The lowest resolution Zelda since the first one.
On paper, the pitch for Breath of the Wild in VR sounds like a no-brainer. One of the best open worlds ever crafted can only get better with a little extra immersion. No doubt under the right circumstances this could be true, and perhaps one day those circumstances may come to pass, but unfortunately we are not there yet. The Labo VR support patch for The Legend of Zelda: Breath of the Wild runs into trouble in three distinct areas: implementation, playability, and performance.
The concept of being able to freely look around Hyrule sounds great. While it was immediately obvious that this VR version of the Breath of the Wild wouldn’t support a first-person viewpoint, I had at least hoped for 1:1 head tracking. Instead of your head position being mapped to looking around from a locked position behind Link, this movement instead orbits the camera around him. For example, if you turn your head to the right, the camera will orbit around to Link’s left just as it would if you moved the analogue stick. You still ultimately wind up looking in the direction you want to look, but there is a disconnect between the movement you perform and what happens before your eyes. Having all this happen in VR results in an immediately nauseating experience that your brain will not thank you for.
In contrast to Nintendo’s Mario Odyssey update which adds VR-focused levels, the patch for Breath of the Wild grants you free reign of the entire game in VR. And while this is certainly an interesting feature, the Labo VR headset simply isn’t meant for long play sessions. Nintendo clearly intends for the player to leave the Joy-Con attached and hold the Switch up to their face while they play. If you’ve ever wanted to test the circulation to your arms, this is a great opportunity. What I found more realistic was using my homemade labo head strap. To Breath of the Wild’s credit, it does allow you to play with a wireless controller almost as if Nintendo knew you were going to rig up a strap of some kind.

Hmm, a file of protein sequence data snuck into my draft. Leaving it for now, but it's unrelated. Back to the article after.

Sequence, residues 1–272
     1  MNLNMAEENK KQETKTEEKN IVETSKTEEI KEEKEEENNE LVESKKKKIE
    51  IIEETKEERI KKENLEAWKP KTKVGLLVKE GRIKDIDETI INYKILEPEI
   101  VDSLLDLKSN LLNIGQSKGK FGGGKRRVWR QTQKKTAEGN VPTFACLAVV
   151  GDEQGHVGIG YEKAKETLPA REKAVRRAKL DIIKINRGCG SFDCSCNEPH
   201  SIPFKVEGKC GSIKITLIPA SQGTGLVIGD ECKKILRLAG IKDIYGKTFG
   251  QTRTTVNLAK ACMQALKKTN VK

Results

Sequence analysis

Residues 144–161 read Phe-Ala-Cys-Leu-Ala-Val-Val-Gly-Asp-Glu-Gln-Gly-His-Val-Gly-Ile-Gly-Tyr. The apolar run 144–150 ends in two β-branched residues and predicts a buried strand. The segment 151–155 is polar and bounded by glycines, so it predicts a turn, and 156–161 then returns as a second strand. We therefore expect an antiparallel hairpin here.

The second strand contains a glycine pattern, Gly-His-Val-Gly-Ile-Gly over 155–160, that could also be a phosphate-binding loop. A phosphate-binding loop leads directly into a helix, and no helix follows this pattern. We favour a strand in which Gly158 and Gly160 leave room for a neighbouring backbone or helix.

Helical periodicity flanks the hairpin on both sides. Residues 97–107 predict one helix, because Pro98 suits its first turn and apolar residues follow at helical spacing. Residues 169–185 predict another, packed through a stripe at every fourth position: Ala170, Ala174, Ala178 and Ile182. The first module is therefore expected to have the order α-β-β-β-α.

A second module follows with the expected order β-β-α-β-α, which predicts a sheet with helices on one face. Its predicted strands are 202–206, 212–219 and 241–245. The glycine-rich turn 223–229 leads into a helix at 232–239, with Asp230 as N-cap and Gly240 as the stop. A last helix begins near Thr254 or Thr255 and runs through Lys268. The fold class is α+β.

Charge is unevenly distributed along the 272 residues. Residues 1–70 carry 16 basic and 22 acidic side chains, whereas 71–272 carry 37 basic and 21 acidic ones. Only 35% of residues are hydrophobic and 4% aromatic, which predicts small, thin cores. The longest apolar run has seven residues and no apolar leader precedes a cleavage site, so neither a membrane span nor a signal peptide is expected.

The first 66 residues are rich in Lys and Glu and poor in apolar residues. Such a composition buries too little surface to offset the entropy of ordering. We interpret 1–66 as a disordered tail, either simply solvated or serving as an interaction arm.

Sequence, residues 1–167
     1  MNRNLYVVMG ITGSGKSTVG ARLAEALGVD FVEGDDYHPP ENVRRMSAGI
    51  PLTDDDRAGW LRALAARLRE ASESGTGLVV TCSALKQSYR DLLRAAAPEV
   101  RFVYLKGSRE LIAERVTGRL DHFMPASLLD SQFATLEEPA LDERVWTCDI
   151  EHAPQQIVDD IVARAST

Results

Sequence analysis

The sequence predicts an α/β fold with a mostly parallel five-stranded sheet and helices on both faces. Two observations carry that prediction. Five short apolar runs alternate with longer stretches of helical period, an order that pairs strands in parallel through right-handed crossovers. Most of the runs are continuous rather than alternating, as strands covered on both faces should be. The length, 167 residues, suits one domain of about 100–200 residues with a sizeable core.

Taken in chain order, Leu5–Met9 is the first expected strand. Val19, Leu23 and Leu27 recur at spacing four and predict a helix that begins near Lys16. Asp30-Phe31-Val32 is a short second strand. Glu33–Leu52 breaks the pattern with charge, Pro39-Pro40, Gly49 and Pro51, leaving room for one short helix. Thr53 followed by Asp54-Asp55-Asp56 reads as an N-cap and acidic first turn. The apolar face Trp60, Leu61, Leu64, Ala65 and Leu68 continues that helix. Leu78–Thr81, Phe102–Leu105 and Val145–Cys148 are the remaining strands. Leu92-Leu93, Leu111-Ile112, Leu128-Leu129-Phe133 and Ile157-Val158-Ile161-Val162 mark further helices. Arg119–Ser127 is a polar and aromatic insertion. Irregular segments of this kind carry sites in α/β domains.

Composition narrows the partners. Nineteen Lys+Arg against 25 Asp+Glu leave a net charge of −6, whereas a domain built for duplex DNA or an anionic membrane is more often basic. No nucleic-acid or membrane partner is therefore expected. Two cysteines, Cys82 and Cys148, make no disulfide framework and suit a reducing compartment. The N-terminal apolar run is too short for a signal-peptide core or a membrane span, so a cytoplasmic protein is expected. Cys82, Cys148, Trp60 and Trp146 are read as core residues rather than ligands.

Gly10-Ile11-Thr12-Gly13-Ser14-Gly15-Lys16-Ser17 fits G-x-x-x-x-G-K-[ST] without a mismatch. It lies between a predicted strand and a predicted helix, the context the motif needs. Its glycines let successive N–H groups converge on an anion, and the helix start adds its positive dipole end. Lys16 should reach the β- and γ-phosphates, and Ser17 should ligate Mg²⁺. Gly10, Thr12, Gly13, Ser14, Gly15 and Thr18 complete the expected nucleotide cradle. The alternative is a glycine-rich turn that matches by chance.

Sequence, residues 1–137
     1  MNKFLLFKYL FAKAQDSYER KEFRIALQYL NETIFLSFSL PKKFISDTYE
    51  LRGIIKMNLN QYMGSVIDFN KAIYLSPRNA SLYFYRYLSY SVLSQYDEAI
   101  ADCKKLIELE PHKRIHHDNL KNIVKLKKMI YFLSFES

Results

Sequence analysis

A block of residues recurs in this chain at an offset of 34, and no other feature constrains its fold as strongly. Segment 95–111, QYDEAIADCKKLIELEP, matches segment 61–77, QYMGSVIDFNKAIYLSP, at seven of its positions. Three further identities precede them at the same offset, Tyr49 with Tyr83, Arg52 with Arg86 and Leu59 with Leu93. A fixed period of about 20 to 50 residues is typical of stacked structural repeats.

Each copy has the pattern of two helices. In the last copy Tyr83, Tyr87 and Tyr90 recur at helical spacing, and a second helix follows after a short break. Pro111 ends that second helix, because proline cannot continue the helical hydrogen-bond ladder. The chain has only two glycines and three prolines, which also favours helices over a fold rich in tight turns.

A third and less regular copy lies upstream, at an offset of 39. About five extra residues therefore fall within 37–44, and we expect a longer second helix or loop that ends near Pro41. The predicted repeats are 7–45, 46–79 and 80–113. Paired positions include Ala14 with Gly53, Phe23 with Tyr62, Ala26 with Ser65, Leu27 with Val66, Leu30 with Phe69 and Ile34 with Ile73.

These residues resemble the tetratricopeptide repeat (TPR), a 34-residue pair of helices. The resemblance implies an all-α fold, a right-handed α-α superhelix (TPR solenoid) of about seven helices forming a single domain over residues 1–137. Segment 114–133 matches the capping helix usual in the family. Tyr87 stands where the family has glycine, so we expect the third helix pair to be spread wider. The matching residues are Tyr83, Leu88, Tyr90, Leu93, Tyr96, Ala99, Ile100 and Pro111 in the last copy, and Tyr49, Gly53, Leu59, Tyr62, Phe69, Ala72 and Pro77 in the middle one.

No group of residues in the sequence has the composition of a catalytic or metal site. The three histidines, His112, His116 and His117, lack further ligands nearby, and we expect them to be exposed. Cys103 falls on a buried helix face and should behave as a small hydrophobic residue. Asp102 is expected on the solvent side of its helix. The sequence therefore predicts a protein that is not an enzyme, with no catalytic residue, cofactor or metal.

Since launching their VR platform, Sony has been very strict about the performance levels of VR games on their system. Sony’s policy is to not allow games that run at less than 60 frames per second to be released for the Playstation VR. This frame rate helps reduce lag and thus reduce motion sickness and headaches. The Legend of Zelda: Breath of the Wild is, at best, a 30-frames-per-second game. It is also a game that operates on a variable resolution. Given that Labo VR uses the Switch’s portable setup, the best you can hope for is 360p per eye (half of the native 720p resolution). Breath of the Wild regularly dips below its target in both resolution and frame rate, resulting in some extremely rough moments.
I play a lot of VR games on various platforms. I’m a huge fan and supporter of the technology and in general love the affordability with which Nintendo is approaching it. These VR updates are free, so worst case scenario they’re something you’ll never pay for and never play. That being said, it is clear that the Breath of the Wild VR patch was put together with minimal effort and it shows in every aspect of the experience. While at times you will admittedly encounter a view with a scale that is conveyed by VR to a degree you may never have seen before, it is for the most part and underperforming mess of pixels. I hope Nintendo continues these VR updates, as I do think there are plenty of games that could work wonderfully with this technology. That being said, if these updates are to continue, they must be held to a higher standard more befitting Nintendo’s history of game development.